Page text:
COVID-19 leaves Minnesota's Weights and Measures office strapped for cash
The $1.5 million request for funding underscores what officials say is an increasingly unstable source of revenue for the department's Weights and Measures Division. The division, which also inspects gas station pumps and performs fuel quality checks, is funded primarily by a $1 fee charged to fuel distributors for every 1,000 gallons of petroleum they receive.
BURSNVILLE, Minn. — So much depends upon the scale in your local supermarket checkout lane.
A poorly calibrated scale might, for example, tell you that bag of produce weighs and costs more than it actually does. Or it could register a lower weight and cost, shaving a few cents off your grocery bill at your grocer's expense.
Consider the number of transactions your local grocery store handles each day and the cumulative cost of misplacing cents becomes clear.
Fortunately, there's a team of people in Minnesota whose responsibility it is to inspect those and numerous other instruments.
Trouble is, the agency they work for is strapped for cash due to COVID-19. To stabilize their finances, they've asked the Minnesota Legislature for $1.5 million, or roughly 41% of their annual revenue, from the state general fund.
"We're really hopeful that we can get the funding through so that we are able to continue those services," Minnesota Department of Commerce Commissioner Grace Arnold said.
The request underscores what officials say is an increasingly unstable source of revenue for the department's Weights and Measures Division. The division, which also inspects gas station pumps and performs fuel quality checks, is funded primarily by a $1 fee charged to fuel distributors for every 1,000 gallons of petroleum they receive.
Eighty-nine cents out of every dollar goes to the division, which is anticipating an $800,000 decrease in fee collections this fiscal year. That owes to a depressed level of motor travel caused by the coronavirus pandemic, according to Arnold.
Standing in a fluorescent-lit laboratory at the division's Burnsville headquarters one recent afternoon, Valare Falkner said it also threatens to delay the replacement of decades-old equipment used to screen fuel samples.
Save for three or four instruments, "almost everything in here is at or past its expected life," Falkner, the division's deputy director said.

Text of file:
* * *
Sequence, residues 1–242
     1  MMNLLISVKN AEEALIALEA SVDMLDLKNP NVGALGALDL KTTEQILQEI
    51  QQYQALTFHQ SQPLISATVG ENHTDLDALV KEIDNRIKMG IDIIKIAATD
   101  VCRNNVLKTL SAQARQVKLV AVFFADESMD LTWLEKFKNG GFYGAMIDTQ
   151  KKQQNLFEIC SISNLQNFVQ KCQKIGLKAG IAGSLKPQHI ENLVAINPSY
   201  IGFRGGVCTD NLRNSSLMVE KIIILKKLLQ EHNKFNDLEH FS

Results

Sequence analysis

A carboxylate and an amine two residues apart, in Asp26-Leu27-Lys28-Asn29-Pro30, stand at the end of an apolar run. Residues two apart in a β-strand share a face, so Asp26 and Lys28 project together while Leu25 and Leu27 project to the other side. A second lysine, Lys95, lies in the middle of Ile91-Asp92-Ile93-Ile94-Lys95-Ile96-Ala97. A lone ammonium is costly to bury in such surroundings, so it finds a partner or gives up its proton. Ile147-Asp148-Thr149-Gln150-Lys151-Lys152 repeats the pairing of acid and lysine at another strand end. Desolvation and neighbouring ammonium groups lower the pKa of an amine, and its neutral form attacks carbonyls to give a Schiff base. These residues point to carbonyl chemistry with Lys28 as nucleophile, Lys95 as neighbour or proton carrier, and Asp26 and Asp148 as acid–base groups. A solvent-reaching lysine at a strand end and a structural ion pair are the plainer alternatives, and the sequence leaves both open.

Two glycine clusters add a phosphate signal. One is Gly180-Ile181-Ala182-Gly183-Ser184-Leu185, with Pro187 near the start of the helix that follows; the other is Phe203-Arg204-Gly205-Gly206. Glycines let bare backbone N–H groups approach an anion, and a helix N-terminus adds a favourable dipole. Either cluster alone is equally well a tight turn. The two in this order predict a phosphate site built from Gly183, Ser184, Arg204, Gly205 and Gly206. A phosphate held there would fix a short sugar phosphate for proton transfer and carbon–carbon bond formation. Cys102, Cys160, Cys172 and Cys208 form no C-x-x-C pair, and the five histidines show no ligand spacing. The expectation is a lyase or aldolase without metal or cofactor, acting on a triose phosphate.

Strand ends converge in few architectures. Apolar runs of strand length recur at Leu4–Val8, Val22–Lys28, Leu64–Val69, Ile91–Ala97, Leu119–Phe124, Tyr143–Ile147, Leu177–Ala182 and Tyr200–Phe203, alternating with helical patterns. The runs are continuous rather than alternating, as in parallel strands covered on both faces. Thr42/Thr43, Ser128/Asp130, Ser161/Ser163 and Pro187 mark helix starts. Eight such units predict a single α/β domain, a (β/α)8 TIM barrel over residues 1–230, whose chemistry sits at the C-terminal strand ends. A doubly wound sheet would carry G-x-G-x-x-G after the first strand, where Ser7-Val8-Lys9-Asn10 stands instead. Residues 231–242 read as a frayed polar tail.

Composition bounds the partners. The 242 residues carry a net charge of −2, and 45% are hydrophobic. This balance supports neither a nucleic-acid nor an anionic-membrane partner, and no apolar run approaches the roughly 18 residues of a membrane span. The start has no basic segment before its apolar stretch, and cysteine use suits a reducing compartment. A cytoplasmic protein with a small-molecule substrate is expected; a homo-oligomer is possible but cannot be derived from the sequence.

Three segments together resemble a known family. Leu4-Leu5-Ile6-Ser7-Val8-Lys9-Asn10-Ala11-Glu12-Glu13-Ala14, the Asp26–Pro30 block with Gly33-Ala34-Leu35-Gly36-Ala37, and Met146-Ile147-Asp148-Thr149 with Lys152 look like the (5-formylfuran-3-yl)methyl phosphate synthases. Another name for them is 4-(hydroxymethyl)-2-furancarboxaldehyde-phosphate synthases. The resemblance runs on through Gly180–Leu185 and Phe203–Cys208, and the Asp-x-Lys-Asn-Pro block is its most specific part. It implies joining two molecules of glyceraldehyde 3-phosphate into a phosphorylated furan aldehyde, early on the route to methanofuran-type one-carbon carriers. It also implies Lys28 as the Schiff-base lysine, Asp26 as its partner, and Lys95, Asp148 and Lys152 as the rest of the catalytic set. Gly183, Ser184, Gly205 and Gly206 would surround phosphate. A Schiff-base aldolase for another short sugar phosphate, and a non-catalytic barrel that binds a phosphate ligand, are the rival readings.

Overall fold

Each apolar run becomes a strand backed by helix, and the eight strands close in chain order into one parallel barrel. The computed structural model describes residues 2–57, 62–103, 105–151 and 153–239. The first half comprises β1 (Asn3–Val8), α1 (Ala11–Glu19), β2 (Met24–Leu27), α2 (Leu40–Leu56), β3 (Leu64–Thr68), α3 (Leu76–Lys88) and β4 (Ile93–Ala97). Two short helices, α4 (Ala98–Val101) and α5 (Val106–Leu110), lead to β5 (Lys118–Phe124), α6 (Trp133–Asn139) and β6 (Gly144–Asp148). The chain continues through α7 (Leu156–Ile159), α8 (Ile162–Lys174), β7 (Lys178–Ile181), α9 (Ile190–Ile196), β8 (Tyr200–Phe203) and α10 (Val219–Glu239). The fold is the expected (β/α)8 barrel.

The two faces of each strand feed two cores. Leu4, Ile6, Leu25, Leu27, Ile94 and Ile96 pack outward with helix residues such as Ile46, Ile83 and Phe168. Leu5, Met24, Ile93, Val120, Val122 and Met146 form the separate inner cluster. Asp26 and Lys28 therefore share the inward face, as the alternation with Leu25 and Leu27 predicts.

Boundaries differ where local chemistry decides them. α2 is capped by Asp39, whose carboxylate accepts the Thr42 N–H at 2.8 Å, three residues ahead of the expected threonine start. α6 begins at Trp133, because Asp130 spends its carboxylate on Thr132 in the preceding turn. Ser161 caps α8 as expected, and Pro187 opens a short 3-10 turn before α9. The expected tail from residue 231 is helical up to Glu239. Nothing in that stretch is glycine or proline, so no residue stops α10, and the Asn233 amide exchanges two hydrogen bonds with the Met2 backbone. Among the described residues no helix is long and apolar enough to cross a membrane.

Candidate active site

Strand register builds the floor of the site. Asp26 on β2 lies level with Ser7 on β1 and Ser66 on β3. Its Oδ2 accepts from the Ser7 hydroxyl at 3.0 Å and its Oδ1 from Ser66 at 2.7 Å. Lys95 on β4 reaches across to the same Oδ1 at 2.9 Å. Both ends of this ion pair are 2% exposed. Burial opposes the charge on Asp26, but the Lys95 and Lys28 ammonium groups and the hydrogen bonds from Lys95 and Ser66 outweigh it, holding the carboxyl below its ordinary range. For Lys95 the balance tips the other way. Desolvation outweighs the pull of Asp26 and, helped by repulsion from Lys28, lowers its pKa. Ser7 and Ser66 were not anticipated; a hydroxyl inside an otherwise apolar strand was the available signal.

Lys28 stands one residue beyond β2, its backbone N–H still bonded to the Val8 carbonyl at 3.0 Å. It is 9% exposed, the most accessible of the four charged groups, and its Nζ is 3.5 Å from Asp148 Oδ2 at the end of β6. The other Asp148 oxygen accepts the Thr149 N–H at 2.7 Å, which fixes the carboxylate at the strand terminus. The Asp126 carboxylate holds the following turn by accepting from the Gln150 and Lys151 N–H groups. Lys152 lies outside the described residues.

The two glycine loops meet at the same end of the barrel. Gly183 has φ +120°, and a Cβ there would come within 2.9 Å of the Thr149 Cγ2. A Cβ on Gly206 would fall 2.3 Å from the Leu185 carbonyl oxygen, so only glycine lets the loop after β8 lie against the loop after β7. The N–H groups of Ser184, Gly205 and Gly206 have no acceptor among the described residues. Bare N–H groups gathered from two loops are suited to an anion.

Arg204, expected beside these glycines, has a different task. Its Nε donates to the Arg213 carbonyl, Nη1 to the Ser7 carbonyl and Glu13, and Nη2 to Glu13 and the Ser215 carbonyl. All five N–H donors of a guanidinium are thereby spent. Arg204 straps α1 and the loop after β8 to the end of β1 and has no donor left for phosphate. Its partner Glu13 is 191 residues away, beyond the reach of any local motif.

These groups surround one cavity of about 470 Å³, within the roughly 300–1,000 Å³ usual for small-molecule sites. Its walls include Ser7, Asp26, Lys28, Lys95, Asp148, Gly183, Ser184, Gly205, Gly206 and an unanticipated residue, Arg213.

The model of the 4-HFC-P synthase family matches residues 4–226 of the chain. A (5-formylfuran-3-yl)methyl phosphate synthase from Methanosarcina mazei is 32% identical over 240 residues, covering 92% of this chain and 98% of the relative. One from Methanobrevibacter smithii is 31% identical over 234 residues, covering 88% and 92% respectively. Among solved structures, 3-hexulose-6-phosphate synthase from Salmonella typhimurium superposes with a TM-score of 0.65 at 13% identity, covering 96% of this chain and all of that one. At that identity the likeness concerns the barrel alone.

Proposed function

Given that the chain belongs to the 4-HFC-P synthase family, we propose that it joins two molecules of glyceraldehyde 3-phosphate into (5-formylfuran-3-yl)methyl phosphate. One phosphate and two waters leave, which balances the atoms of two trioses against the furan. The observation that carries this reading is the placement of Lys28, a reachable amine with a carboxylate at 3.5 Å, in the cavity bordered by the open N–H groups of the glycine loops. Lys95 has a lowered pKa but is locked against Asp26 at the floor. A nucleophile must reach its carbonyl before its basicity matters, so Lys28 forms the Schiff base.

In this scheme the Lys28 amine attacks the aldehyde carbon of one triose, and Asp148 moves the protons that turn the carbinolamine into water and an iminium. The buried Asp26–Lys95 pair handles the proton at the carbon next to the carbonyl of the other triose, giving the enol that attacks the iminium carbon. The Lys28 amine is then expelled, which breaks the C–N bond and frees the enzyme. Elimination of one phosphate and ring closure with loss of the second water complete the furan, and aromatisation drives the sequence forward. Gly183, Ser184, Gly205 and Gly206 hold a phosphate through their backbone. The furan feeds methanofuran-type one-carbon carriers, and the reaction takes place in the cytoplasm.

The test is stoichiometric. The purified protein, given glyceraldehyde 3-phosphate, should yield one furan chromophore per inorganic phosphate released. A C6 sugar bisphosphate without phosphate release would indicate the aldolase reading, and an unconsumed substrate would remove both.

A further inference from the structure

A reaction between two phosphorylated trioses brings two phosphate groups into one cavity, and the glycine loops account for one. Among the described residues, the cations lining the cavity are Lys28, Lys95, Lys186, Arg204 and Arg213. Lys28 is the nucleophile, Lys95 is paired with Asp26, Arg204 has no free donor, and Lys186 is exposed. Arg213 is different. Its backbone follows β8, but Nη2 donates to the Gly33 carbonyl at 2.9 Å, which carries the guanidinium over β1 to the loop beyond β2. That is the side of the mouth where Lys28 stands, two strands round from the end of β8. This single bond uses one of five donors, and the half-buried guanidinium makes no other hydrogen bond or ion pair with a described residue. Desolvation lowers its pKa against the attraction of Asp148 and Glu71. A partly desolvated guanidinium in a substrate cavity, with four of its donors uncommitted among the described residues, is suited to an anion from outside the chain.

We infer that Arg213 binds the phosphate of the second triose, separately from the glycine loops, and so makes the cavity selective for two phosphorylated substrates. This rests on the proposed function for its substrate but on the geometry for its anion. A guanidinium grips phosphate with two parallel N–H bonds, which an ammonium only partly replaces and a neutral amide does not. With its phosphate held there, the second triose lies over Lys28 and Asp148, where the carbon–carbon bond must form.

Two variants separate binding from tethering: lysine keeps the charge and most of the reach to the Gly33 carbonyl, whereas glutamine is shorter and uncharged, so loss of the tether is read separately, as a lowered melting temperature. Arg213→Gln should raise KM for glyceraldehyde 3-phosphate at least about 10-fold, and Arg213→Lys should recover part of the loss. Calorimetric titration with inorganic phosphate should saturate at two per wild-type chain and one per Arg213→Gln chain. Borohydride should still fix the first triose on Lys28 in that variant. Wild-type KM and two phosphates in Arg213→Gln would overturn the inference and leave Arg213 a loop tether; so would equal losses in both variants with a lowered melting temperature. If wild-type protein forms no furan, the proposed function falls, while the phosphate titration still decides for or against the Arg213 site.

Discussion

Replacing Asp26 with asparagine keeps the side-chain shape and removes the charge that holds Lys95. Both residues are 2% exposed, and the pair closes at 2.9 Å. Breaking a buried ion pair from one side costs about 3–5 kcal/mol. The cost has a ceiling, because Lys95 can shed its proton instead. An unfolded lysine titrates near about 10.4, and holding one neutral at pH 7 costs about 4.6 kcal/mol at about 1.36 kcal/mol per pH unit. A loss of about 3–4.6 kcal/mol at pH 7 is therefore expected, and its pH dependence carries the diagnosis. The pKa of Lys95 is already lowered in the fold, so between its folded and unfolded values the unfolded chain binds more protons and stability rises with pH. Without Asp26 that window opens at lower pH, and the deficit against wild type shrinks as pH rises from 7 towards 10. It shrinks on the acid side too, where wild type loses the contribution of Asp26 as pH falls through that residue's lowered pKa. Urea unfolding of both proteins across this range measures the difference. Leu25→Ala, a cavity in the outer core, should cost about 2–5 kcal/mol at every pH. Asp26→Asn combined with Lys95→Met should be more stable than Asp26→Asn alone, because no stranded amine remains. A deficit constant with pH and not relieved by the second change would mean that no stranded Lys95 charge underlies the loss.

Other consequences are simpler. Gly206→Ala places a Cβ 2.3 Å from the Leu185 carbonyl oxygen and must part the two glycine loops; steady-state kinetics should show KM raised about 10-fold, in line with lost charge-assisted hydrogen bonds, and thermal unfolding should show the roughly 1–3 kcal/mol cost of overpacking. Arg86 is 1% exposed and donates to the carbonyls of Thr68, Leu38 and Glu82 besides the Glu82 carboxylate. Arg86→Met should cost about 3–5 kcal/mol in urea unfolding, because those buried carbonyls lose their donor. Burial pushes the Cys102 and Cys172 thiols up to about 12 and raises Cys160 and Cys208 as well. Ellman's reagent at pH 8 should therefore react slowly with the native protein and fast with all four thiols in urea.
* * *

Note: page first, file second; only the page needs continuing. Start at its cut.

The less equipment the lab has, the fewer tests that can be conducted, according to Falkner. And fuel samples the lab can't get to in time may then have to be sent to private labs that charge $150 to $200 per test, she said, "which isn't really feasible either for us."
If budget cuts were made, according to department spokesperson Mo Schriner, the division's field inspectors might also have to extend the amount of time that an given scale goes uncalibrated. They currently aim to inspect lightweight scales, such as the ones at the grocery store, at least once every two years, with industrial and agricultural scales receiving check-ups every year and a half to two years.
The dip in fee collections also raises questions about the fee's long-term viability given the gradual adoption of electric and more fuel-efficient cars, not that electrification has gone unnoticed in the world of weights and measures. The National Institute for Standards and Technology, the federal agency to which state weights and measures offices conform, already has plans to adopt official inspection methods for electric car charging stations.
At least for now, the department appears focused on securing a more stable source of funding for next fiscal year from the state general fund.
"If we can solve it for this session," Arnold said, then electrification will be "something that we can think more about in the long term."